Williams Cos. is sticking to its $5.49 billion all-cash offer to buy pipeline company Southern Union Co., saying it’s a better deal for shareholders than Energy Transfer Equity LP’s bid.
Williams’s $44-a-share proposal provides more certainty and a better value than Energy Transfer’s cash-and-equity bid because it isn’t linked to a declining stock price, the Tulsa, Oklahoma-based company said in a statement Tuesday.
“If I was shareholder, I’d rather take $44 guaranteed all cash, rather than a combination of cash and stock in this volatile market,” Andy Levi, an analyst at Caris & Co., in a telephone interview, said. Levi doesn’t rate any of the companies involved in the deal nor does he own their stock.
Energy Transfer, based in Dallas, raised its bid to $44.25 a share on July 19, with up to 60% of the price to be paid in cash and the remainder in stock at a rate of one publicly traded partnership unit for each Southern Union share. It was the second time the company increased its offer to outbid Williams in an effort to complete the biggest purchase of a pipeline operator this year.
Energy Transfer has fallen 9.4 percent since its July 19 offer, when its units were trading at $43.53. Since Standard & Poor’s, the New York-based credit rating subsidiary of McGraw- Hill Cos., downgraded the U.S. to AA+ from AAA on Aug. 5, the S&P 500 Energy Index has fallen to 503.65 from 506.81, less than 1 percent.
Williams said its offer now represents a 4 percent premium to Energy Transfer’s proposal, based on Tuesday’s closing price for the pipeline partnership’s units, and assuming Southern Union shareholders elect the maximum cash payout. The company conveyed its thinking to the Southern Union board in a letter dated Tuesday.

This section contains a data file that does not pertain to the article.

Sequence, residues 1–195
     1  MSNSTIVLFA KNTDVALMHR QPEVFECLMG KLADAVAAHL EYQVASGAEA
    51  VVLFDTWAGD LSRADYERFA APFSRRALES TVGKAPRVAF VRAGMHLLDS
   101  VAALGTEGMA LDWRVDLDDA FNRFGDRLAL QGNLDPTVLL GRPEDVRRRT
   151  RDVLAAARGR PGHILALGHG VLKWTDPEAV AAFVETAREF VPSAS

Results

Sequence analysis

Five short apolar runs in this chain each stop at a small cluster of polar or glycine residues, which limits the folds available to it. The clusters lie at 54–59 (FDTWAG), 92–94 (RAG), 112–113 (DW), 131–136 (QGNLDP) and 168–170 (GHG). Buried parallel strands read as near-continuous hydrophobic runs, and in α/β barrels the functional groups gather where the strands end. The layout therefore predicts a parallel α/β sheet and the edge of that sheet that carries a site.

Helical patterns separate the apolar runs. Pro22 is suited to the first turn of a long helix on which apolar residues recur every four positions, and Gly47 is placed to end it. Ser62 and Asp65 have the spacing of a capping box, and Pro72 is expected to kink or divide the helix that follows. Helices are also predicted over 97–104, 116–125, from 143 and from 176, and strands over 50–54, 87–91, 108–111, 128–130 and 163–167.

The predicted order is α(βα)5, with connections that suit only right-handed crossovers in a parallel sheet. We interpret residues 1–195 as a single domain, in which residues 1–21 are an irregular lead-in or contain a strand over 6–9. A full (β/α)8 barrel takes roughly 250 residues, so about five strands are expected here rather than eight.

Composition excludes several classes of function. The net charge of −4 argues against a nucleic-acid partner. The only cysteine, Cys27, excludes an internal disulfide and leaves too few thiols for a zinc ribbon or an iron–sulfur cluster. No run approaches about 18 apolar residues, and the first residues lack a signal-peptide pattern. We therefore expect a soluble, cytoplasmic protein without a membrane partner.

“Southern Union’s current agreement with Energy Transfer includes illiquid partnership units whose value will be exposed to equity markets in the months until closing and beyond,” Alan Armstrong, chief executive officer of Williams, said in the statement.
Spokespeople for Southern Union and Energy Transfer didn’t immediately respond to voice-mail messages seeking comment.
The Williams release was issued after the close of regular trading on U.S. markets. Southern Union rose 77 cents, or 1.8 percent, to $42.40 at 5:03 p.m. in New York. Williams rose 5 cents to $28.20 at 4:42 p.m. and Energy Transfer was unchanged at $39.42.
On June 16, Energy Transfer first agreed to buy Southern Union in an all-stock transaction valued at $33 a share. Williams countered on June 23 at $39 a share in cash. On July 5, Energy Transfer boosted its offer and Williams responded on July 14 by bidding $44 a share.
Both buyers are vying for Houston-based Southern Union’s 15,000 miles (24,000 kilometers) of natural-gas pipelines, which connect new fields in Texas and Oklahoma to markets in the U.S. Midwest and Florida.
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